Figure 2. Occurrence of precipitation as observed at the PML (continuous lines) and SYY (dashed lines) locations for the MRR (red), DPR (yellow), 1-km radar (green) and 5-km radar (blue).
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Figure 3. Accumulation of precipitation as observed at the PML (continuous lines) and SYY (dashed lines) locations for the MRR (red), DPR (yellow), 1-km radar (green) and 5-km radar (blue).
Figure 3. Accumulation of precipitation as observed at the PML (continuous lines) and SYY (dashed lines) locations for the MRR (red), DPR (yellow), 1-km radar (green) and 5-km radar (blue).
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Figure 4. Comparison of the 1-km and 5-km surface radar resolution datasets showing the % occurrence of precipitation (ac) above and proportion of the accumulation (df) below the thresholds set at 0.2, 0.5 and 1.0 mm/h. Dots represent the data for Plymouth (PML) and the crosses for Stornoway (SYY), while the dotted lines present the linear trend lines of each dataset. Each point represents the occurrence or accumulation calculated for each month from 2014 to 2020.
Figure 4. Comparison of the 1-km and 5-km surface radar resolution datasets showing the % occurrence of precipitation (ac) above and proportion of the accumulation (df) below the thresholds set at 0.2, 0.5 and 1.0 mm/h. Dots represent the data for Plymouth (PML) and the crosses for Stornoway (SYY), while the dotted lines present the linear trend lines of each dataset. Each point represents the occurrence or accumulation calculated for each month from 2014 to 2020.
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Figure 5. Example of a plot of data for 18:00 UTC on 29 January 2021 through to 18:00 UTC on 30 January 2021. The top plot shows the fall velocity, the middle plot the rain intensity and the bottom plot the radar reflectivity. The temporal sampling is 10 s, with 128 range bins with a range resolution of 35 m. The height of the melting layer is easily discernible by the change in the fall velocities and high rain rates and reflectivities about 1.4 km above the surface.
Figure 5. Example of a plot of data for 18:00 UTC on 29 January 2021 through to 18:00 UTC on 30 January 2021. The top plot shows the fall velocity, the middle plot the rain intensity and the bottom plot the radar reflectivity. The temporal sampling is 10 s, with 128 range bins with a range resolution of 35 m. The height of the melting layer is easily discernible by the change in the fall velocities and high rain rates and reflectivities about 1.4 km above the surface.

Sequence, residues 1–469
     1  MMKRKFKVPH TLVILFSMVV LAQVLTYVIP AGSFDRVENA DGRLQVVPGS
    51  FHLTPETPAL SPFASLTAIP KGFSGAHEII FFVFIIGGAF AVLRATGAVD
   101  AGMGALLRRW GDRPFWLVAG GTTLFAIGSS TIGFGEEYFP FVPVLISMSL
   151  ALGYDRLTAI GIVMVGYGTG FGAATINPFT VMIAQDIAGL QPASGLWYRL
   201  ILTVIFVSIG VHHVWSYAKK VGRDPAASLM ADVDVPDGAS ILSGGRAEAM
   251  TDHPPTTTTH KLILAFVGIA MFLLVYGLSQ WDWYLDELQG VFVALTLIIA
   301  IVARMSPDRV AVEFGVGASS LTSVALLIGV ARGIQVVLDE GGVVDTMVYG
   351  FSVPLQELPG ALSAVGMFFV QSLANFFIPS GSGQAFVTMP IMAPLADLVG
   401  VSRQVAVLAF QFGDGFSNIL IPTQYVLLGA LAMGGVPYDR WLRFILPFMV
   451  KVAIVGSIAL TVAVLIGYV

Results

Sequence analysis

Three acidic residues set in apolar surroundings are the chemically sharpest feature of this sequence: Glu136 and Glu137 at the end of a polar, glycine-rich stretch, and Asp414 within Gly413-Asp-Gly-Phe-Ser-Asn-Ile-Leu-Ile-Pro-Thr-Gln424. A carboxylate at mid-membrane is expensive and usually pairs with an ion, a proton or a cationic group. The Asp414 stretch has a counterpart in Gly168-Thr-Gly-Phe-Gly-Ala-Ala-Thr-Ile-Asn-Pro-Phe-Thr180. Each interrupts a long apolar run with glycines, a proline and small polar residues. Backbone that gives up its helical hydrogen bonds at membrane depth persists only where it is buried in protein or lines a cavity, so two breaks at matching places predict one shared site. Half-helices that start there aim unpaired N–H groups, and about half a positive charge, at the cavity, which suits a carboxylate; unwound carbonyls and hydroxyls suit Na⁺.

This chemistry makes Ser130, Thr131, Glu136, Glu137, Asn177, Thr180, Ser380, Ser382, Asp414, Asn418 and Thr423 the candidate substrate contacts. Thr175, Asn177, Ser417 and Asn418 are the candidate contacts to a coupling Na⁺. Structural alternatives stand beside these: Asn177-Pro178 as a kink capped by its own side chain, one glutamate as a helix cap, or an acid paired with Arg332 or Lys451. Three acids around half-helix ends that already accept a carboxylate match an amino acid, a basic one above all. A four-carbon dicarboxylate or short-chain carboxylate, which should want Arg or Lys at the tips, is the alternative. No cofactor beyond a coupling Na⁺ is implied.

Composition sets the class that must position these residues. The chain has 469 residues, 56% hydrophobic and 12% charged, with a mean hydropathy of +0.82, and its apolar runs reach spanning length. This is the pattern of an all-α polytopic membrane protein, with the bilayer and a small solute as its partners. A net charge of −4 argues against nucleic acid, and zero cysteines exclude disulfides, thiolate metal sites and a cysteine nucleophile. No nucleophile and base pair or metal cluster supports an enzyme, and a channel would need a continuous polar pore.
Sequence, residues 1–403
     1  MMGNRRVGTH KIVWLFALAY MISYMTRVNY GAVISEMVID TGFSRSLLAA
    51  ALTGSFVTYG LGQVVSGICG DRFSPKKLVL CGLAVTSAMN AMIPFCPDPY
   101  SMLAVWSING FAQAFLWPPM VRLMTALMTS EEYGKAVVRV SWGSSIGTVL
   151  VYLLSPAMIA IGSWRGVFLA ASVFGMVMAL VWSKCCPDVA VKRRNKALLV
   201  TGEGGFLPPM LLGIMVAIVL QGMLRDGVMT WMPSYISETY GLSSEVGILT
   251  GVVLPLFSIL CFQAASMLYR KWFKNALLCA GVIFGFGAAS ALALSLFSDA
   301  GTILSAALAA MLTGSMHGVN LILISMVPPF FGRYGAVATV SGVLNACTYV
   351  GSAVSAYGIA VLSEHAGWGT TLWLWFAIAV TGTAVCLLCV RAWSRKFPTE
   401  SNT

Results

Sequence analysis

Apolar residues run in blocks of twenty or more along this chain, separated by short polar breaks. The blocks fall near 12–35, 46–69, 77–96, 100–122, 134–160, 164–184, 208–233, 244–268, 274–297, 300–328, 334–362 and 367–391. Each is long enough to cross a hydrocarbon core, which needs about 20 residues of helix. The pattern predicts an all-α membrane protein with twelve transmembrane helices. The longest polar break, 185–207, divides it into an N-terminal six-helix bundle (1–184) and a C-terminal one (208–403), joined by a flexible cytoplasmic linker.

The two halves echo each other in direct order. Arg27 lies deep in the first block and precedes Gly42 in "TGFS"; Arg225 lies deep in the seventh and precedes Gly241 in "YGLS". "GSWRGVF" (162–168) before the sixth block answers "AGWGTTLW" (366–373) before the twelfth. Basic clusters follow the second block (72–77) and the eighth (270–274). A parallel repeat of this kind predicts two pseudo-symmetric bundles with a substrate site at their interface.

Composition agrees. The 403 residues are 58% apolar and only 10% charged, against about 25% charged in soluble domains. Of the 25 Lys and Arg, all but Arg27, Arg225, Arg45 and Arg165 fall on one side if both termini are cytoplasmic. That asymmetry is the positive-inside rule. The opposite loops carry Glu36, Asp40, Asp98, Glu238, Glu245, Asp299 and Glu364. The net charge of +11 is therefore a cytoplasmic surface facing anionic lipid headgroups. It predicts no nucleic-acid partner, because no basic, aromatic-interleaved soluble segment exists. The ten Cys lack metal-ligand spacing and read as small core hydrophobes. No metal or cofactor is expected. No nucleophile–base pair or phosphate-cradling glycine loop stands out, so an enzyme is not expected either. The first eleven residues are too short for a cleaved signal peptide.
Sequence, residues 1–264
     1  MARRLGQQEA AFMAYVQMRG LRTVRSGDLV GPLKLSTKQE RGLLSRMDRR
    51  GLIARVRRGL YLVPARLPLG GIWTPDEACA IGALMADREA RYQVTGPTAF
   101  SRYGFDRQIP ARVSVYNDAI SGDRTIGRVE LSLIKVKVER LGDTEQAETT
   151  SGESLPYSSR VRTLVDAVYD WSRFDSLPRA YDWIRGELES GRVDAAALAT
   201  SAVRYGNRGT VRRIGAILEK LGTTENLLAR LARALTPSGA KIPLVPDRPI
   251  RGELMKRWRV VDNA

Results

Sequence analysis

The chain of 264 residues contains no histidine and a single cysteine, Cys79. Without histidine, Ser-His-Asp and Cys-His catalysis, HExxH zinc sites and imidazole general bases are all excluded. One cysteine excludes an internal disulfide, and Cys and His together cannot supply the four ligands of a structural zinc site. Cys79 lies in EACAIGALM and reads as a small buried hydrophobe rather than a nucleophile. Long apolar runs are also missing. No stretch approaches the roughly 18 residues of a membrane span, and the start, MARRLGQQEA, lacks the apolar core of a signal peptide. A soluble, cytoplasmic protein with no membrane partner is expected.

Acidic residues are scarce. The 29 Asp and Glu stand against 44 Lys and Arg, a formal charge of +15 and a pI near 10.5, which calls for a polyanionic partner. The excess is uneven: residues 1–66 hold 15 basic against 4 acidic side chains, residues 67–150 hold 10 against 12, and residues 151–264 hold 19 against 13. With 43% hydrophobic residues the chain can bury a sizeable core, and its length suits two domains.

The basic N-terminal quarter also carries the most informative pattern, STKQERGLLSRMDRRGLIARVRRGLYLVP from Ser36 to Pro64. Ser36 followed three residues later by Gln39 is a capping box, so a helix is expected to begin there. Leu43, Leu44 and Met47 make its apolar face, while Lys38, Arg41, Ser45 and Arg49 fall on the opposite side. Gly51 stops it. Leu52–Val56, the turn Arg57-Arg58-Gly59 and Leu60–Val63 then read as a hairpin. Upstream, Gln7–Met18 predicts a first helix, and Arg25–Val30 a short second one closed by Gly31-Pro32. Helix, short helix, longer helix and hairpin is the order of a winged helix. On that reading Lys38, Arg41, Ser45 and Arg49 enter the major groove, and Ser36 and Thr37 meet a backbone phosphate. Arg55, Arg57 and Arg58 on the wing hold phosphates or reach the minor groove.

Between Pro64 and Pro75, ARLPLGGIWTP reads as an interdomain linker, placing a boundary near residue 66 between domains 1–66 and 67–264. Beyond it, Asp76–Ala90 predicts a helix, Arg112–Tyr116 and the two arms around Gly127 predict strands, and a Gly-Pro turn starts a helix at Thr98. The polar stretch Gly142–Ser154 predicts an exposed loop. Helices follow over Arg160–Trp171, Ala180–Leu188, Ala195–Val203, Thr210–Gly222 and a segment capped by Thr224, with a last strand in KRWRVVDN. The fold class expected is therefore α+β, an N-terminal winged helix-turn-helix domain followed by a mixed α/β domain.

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Table 1. MRR locations used in this study.
Table 1. MRR locations used in this study.
LocationAbbreviationLatitudeLongitudeType
Stornoway (Scotland)SYY58°12′50.45″N6°23′54.41″WMRR-2
Plymouth (UK)PML50°21′57.60″N4°08′57.71″WMRR-Pro
Valentia (Ireland)VAL51°56′18.04″N10°14′27.93″WMRR-2
Table 2. Occurrence of precipitation by profile for SYY and PML. (Note the ‘at-surface’ precipitation is deemed to be precipitation in range bin 2 covering the 100–200-m altitude).
Table 2. Occurrence of precipitation by profile for SYY and PML. (Note the ‘at-surface’ precipitation is deemed to be precipitation in range bin 2 covering the 100–200-m altitude).
SYY
16-05-2015:03-09-2019
PML
15-08-2019:22-02-2021
Number of Profiles% of All Profiles% of Raining ProfilesNumber of Profiles% of All Profiles% of Raining Profiles
Number of all valid profiles2,132,508100.0% 748,179100.0%
Profiles with > 0.0342,38516.1%100.0%117,81815.7%100.0%
Profiles with ≥0.2264,01412.4%77.1%87,10711.6%73.9%
Profiles with ≥ 0.5209,5449.8%61.2%73,7779.9%62.6%
Profiles with > 0.0 above 1000 m276,40013.0%80.7%92,72212.4%78.7%
Profiles with ≥ 0.2 above 1000 m218,87410.3%63.9%72,6579.7%61.7%
Profiles with ≥ 0.5 above 1000 m176,5728.3%51.6%62,6008.4%53.1%
Profiles with > 0.0 above 1500 m220,51310.3%64.4%76,26710.2%64.7%
Profiles with ≥ 0.2 above 1500 m173,0548.1%50.5%61,7848.3%52.4%
Profiles with ≥ 0.5 above 1500 m138,9856.5%40.6%53,2677.1%45.2%
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Kidd, C.; Graham, E.; Smyth, T.; Gill, M. Assessing the Impact of Light/Shallow Precipitation Retrievals from Satellite-Based Observations Using Surface Radar and Micro Rain Radar Observations. Remote Sens. 2021, 13, 1708. https://doi.org/10.3390/rs13091708

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Kidd C, Graham E, Smyth T, Gill M. Assessing the Impact of Light/Shallow Precipitation Retrievals from Satellite-Based Observations Using Surface Radar and Micro Rain Radar Observations. Remote Sensing. 2021; 13(9):1708. https://doi.org/10.3390/rs13091708

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Kidd, Chris, Edward Graham, Tim Smyth, and Michael Gill. 2021. "Assessing the Impact of Light/Shallow Precipitation Retrievals from Satellite-Based Observations Using Surface Radar and Micro Rain Radar Observations" Remote Sensing 13, no. 9: 1708. https://doi.org/10.3390/rs13091708